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Old 06-10-2012, 12:51 PM
 
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Quote:
Originally Posted by Ruth4Truth View Post

Erasure, in the US it's very important to choose well the community in which you live, for the quality of the school. But even that doesn't guarantee good (or any) instruction in grammar, writing and literature reading skills.
I know that much ( in terms of the community where I live,) and it's a nice community, actually. Local teachers ( at least in few schools where my son was) come across as very intelligent and dedicated people for the most part, but it's the whole thing of superficial approach to education, the belief that children can be successfully taught while reading internet, news-papers and entertaining books with no drilling and *boring* academia in sight - that's what brings the whole system of education to the point of lowest denomination.
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Old 06-10-2012, 01:09 PM
 
775 posts, read 993,843 times
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Quote:
Originally Posted by Ruth4Truth View Post
I'm jealous! You scored, literature-education-wise! Where did you go to school?
Upstate NY, about an hour north of NYC.

It's hard to believe that the education I received is an anomaly in the US, because my district was nowhere near the top. It's in a pretty good neighborhood too, but our scores compared to national averages weren't that great. The thought that the norm might actually be less than my just so-so education makes me sad.

Last edited by luckynumber4; 06-10-2012 at 01:32 PM..
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Old 06-10-2012, 01:13 PM
 
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Originally Posted by FromEverywhere View Post
I was wondering how the rest of the world views Americans. What comes to mind? Also what have been your experiences? Do they reinforce the stereotype or do the opposite?

I'm a well-traveled, open-minded and cultured American, so I won't be offended by what anyone says.
The USA has the makers and the takers.
They've grown too many takers (called entitlement monsters) and this trend is collapsing the country.
They are through taxes and socialism to end makers, which is why the whole thing is fizzling out.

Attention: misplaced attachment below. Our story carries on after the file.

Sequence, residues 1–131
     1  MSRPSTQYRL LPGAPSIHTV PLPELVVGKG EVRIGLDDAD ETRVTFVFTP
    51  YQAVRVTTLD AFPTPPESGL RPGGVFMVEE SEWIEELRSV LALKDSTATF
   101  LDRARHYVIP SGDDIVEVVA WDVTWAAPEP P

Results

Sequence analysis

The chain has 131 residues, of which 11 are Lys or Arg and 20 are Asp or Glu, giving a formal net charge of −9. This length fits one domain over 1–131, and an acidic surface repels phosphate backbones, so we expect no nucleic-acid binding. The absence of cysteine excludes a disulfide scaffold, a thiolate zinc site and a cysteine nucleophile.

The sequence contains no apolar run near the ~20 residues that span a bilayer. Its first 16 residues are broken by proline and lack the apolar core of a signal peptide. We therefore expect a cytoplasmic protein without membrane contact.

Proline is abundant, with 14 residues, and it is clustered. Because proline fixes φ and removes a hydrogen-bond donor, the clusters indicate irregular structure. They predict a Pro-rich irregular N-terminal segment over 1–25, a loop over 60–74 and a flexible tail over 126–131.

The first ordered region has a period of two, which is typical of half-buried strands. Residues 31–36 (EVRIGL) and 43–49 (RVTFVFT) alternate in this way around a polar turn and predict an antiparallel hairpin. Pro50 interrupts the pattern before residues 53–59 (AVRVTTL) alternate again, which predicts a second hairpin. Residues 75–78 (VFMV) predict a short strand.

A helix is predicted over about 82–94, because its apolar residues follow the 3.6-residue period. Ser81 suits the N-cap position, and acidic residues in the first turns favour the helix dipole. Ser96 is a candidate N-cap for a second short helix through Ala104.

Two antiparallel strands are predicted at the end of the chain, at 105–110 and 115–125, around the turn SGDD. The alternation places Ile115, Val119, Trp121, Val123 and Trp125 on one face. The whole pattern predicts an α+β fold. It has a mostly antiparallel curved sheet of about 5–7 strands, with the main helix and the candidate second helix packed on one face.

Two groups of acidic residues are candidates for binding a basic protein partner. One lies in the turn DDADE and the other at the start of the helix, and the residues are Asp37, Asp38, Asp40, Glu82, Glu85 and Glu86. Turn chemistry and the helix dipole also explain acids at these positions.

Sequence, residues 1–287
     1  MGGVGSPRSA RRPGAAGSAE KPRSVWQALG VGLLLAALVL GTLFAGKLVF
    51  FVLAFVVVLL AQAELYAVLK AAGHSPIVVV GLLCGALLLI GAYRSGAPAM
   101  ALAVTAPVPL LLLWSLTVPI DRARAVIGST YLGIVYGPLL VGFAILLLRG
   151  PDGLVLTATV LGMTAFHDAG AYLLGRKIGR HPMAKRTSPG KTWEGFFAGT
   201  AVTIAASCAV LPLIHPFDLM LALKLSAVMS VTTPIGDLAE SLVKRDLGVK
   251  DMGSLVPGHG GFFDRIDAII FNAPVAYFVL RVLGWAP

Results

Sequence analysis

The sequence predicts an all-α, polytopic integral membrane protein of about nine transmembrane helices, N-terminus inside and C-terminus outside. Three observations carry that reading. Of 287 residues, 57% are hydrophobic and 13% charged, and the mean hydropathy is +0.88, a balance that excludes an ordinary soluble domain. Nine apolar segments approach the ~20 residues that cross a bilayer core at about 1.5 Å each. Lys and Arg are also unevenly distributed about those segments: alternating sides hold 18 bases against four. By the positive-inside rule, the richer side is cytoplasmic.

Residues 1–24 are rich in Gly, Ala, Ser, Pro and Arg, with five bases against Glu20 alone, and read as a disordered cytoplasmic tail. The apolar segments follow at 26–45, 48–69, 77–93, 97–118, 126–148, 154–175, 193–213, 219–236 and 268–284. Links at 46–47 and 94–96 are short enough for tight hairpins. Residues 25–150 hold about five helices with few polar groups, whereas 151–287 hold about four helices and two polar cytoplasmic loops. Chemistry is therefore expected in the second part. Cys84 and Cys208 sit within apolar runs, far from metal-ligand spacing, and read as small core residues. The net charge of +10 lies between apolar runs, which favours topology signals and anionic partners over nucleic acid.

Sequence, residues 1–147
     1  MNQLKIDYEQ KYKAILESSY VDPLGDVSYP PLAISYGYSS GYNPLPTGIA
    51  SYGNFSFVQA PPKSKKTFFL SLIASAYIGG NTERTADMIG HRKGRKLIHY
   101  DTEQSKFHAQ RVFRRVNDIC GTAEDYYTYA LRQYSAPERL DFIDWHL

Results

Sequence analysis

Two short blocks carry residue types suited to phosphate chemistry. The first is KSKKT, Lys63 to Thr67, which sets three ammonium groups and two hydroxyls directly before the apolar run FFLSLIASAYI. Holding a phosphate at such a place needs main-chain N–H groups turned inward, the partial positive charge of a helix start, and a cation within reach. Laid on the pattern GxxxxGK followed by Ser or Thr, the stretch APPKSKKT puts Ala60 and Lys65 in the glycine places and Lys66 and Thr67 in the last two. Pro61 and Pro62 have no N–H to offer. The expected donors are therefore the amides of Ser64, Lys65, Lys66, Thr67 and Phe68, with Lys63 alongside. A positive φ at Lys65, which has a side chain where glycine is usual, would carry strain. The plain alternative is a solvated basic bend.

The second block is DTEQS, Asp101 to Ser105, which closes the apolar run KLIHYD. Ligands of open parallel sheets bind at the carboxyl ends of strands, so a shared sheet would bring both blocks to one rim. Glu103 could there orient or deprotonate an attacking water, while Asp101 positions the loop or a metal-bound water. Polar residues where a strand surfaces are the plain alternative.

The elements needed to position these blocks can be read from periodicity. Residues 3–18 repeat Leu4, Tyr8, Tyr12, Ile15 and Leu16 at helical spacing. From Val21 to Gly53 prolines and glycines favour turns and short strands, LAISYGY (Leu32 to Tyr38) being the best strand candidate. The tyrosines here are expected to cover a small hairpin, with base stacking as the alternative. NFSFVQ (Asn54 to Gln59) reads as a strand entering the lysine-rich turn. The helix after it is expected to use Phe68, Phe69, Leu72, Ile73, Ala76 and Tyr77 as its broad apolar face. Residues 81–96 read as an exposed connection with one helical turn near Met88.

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Old 06-10-2012, 01:22 PM
 
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Quote:
Originally Posted by luckynumber4 View Post
Upstate NY, about and hour north of NYC.

It's hard to believe that the education I received is an anomaly in the US, because my district was nowhere near the top. It's in a pretty good neighborhood too, but our scores compared to national averages weren't that great. The thought that the norm might actually be less than my just so-so education makes me sad.
Your school could have been doing OK in literature and language department but was lagging behind in math and science.
My son's high school on another hand ( well actually all of them, starting with elementary school and middle school being the biggest waste of time,) were particularly bad in humanities, but picked up in math and science by the tenth grade.

Last edited by erasure; 06-10-2012 at 01:54 PM..
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Old 06-10-2012, 01:28 PM
 
Location: State of Transition
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Quote:
Originally Posted by luckynumber4 View Post
Upstate NY, about and hour north of NYC.

It's hard to believe that the education I received is an anomaly in the US, because my district was nowhere near the top. It's in a pretty good neighborhood too, but our scores compared to national averages weren't that great. The thought that the norm might actually be less than my just so-so education makes me sad.
It's possible NY is different. I've read about the teacher training at NY universities, and it's quite rigorous. It makes teacher training on the West Coast look like a pathetic joke.

I've been very impressed with Russian pedagogical training, btw.
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Old 06-10-2012, 01:35 PM
 
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Originally Posted by erasure View Post